As an obsessive, I appreciate and am fascinated by the level of dedication other people bring to the things that capture their imaginations, and am the target market for the new wave of documentary films that chronicle these quests like King of Kong or Man on Wire.

But I don’t know if anything is as wonderfully batshit crazy as the fandome behind The Rock-Afire Explosion.

My Canadians might not know this, but in the 80s Chuck E. Cheese had some strong competition from Showbiz Pizza Place.  Each establishment followed the same formula: arcade games, pizza that I’m sure listed sodium as the second ingredient and animatronic, anthropomorphic animals.

Oh God, yes.

When I was a kid I remember being enthralled by the ads for Showbiz Pizza Place.  Like I’ve said before, kids who grew up in Windsor are bombarded by US advertisements for things we will never have, and the ads for Showbiz made it look like Shangri-La.  In a world of Xboxes and backyard skateboard parks, Showbiz and Chuck E. Cheese seem quaint by comparison, but for an 80s eight-year-old it was inconceivable that someone would put that much awesome in one room.  And the feature attraction for Showbiz was the stage show, starring a band of animatronic animals called The Rock-Afire Explosion.

Now times change, Showbiz got bought out, and the Explosion retired.  That should have been it. But if we’ve learned anything from the times we live in, friends, it’s that no one ever has to let anything go.  Memories lead to fandom, fandom becomes obsession, and suddenly a DJ from Alabama has it in his head that he’s going to buy up the remaining animatronics and rebuild the full band in his garage.  Of course this must be documented.

The documentary is out now, and I honestly can’t wait to watch it. I love how the music in that trailer perfectly captures the sad melancholy of missing something so insubstantial so much.

But the story doesn’t end there!  Once Thrash completed his set, he [and Rock-Afire creator Aaron Fechter] began reprogramming the characters to perform contemporary songs, filming the performances and putting them on YouTube. And this is where we move from weird pop culture fossil back around to….I don’t know what.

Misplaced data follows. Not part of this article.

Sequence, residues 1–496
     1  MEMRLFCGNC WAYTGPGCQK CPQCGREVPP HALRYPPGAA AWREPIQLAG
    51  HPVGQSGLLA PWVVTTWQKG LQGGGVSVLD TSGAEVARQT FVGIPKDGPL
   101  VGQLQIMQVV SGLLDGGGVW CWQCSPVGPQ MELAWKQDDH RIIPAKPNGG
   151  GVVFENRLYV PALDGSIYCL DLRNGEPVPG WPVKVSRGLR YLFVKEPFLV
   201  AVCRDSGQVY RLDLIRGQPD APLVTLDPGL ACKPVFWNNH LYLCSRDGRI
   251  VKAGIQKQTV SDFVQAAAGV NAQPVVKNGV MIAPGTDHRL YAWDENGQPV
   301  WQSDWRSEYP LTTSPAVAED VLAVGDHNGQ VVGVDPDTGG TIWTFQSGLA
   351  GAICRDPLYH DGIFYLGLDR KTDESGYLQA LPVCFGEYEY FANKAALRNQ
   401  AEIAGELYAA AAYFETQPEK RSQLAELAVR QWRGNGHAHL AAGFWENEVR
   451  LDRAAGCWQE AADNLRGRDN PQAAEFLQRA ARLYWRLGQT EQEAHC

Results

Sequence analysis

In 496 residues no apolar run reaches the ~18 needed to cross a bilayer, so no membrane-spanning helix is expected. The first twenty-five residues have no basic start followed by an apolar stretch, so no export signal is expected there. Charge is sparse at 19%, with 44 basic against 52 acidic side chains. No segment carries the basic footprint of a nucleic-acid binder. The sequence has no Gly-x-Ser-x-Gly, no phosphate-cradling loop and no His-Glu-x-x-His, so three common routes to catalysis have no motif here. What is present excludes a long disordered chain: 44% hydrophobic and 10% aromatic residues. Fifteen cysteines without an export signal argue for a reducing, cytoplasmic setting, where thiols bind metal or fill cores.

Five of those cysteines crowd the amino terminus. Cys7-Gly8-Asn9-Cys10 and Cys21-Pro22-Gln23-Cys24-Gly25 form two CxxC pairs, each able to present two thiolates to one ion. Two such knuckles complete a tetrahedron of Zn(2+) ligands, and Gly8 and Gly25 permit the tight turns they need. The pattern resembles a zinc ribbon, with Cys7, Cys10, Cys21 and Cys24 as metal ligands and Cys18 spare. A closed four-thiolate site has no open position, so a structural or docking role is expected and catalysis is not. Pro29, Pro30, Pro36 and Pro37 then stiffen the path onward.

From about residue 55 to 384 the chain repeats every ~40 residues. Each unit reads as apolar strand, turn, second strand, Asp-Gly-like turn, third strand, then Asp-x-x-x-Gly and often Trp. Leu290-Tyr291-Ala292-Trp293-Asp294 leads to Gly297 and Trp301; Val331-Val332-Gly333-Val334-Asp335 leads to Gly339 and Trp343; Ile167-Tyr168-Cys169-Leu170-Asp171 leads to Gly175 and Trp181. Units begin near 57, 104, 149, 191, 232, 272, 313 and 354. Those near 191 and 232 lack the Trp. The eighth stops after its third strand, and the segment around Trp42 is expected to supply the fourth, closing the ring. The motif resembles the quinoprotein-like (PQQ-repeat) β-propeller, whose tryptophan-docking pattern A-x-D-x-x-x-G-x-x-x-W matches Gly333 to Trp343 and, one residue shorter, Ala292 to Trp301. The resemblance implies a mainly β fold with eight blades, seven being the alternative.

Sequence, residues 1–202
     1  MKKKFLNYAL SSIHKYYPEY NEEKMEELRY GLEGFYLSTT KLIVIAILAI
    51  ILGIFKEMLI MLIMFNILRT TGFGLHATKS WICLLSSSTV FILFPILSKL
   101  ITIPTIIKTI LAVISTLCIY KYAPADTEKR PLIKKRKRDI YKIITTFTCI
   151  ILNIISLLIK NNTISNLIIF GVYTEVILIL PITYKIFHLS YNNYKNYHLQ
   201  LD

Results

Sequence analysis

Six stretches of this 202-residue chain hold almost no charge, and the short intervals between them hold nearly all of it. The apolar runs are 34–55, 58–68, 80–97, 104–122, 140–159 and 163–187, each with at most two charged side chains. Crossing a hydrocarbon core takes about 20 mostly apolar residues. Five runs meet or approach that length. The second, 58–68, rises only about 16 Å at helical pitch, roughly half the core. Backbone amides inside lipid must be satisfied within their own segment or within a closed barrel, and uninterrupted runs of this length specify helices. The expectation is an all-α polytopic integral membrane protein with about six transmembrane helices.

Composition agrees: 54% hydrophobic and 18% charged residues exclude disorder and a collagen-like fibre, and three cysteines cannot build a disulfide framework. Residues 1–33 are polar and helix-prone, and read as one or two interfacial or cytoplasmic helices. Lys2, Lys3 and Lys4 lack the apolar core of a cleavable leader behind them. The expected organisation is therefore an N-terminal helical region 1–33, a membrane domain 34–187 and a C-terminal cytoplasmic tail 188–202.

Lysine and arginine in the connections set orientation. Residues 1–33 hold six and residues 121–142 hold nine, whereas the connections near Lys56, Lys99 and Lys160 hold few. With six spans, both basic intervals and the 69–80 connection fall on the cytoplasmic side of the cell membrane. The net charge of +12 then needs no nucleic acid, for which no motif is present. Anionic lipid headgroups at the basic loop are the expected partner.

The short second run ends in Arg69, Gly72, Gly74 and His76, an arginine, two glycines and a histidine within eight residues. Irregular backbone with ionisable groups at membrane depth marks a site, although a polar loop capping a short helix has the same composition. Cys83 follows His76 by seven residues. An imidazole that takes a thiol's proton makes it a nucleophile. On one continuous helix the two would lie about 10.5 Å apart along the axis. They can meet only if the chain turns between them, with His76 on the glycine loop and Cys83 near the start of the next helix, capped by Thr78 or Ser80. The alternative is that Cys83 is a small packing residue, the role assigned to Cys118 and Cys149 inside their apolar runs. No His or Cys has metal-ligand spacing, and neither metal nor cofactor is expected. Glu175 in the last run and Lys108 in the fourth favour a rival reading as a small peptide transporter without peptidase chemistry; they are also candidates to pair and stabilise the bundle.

The fanatic in me can certainly appreciate the level of dedication that goes into something like this. I appreciate it so much I can overlook how goddamned creepy it is. So much more, including footage of a guy named Charlie who wanted to give his sister Amy the best 30th birthday party ever, can be found on The Explosion’s YouTube channel.

The saddest part is I can’t even make fun, because if I had the resources, I would totally have something similar in my backyard.  Salute, good sirs.

Thank You for Holding

Okay, so not so much technical difficulties as an afternoon spent on some housekeeping issues in an attempt to streamline the PFG experience, since I don’t have anyone to do it for me.

If you would direct your attention to the menu at the top of the screen, you will notice that one of those drop-down menus actually…drops down.

Where previously a click of the ‘Works’ tab would ultimately take you to a PDF of the work in question, those PDFs have now been given their own dedicated page here on the site, unless it requires  you to go to another site altogether.  Just trying to make it easier for the curious to connect with what I do, since I think it’s been forgotten that this was once upon a time the blog was supposed to complement the creative work and not the other way around.

So click away, friends.

Remember When This Blog Used to be About Books?

I miss that. Indulge me.

Because it provides me with a certain level of schadenfreude, and because I love to flog dead horses, one last review disassembling  Yann Martel’s Beatrice and Virgil, this one by John Crace in The Guardian.

So this summer, it looks like The Passage by Justin Cronin will be the bestselling behemoth. Why? Because everyone is telling you it will be. I don’t know friends, maybe I’m just not attending the right parties and aren’t talking to the right people, but I have no idea why this book has captured the force of the publishing marketing machine so much.  I know it has vampires, and everyone is desperate to find the book that will sate the the demands of all the Twilight readers who have tried to find a suitable substitute, and I know Cronin’s gotta be a better than good writer, what with his MFA from the Iowa Writers Workshop and such, but why this book?  I’m just curious to know the calculations that go into deciding what projects get the money tossed around.  It also seems more and more, with new authors especially, that publishing is this ouroboros of marketing: like the post says, anymore the teaser trailer for a new author is the number of digits in his or her advance, which makes the project worthy of mainstream coverage, which creates a best seller.  Leads to another whole re-examination of taste and quality that seems like I’ve discussed before, but may have fresh ammo for after listening to the hosts of Slate’s Culture Gabfest discuss why Stieg Larsson novels have become a global phenomenon.

Speaking of Stieg, the Swedish National Library discovered some manuscripts of Larsson’s sitting around the offices of a small press magazine, unpublished.

Because I’m a closet design nerd: Twenty-five iconic book covers [but don’t try to buy them, Abe Books is a rare editions dealer, so unless you want to pay $3,500 for that copy of Psycho…]

And, in the coolest development I’ve heard all week, a man named Nathan Dunne is starting a new literary journal featuring two stories about 20 minutes in length read by the authors, then pressed and distributed on vinyl records. Respect the ballsiness to pull such a deliberately retrograde maneuver in the dominant currents of the culture.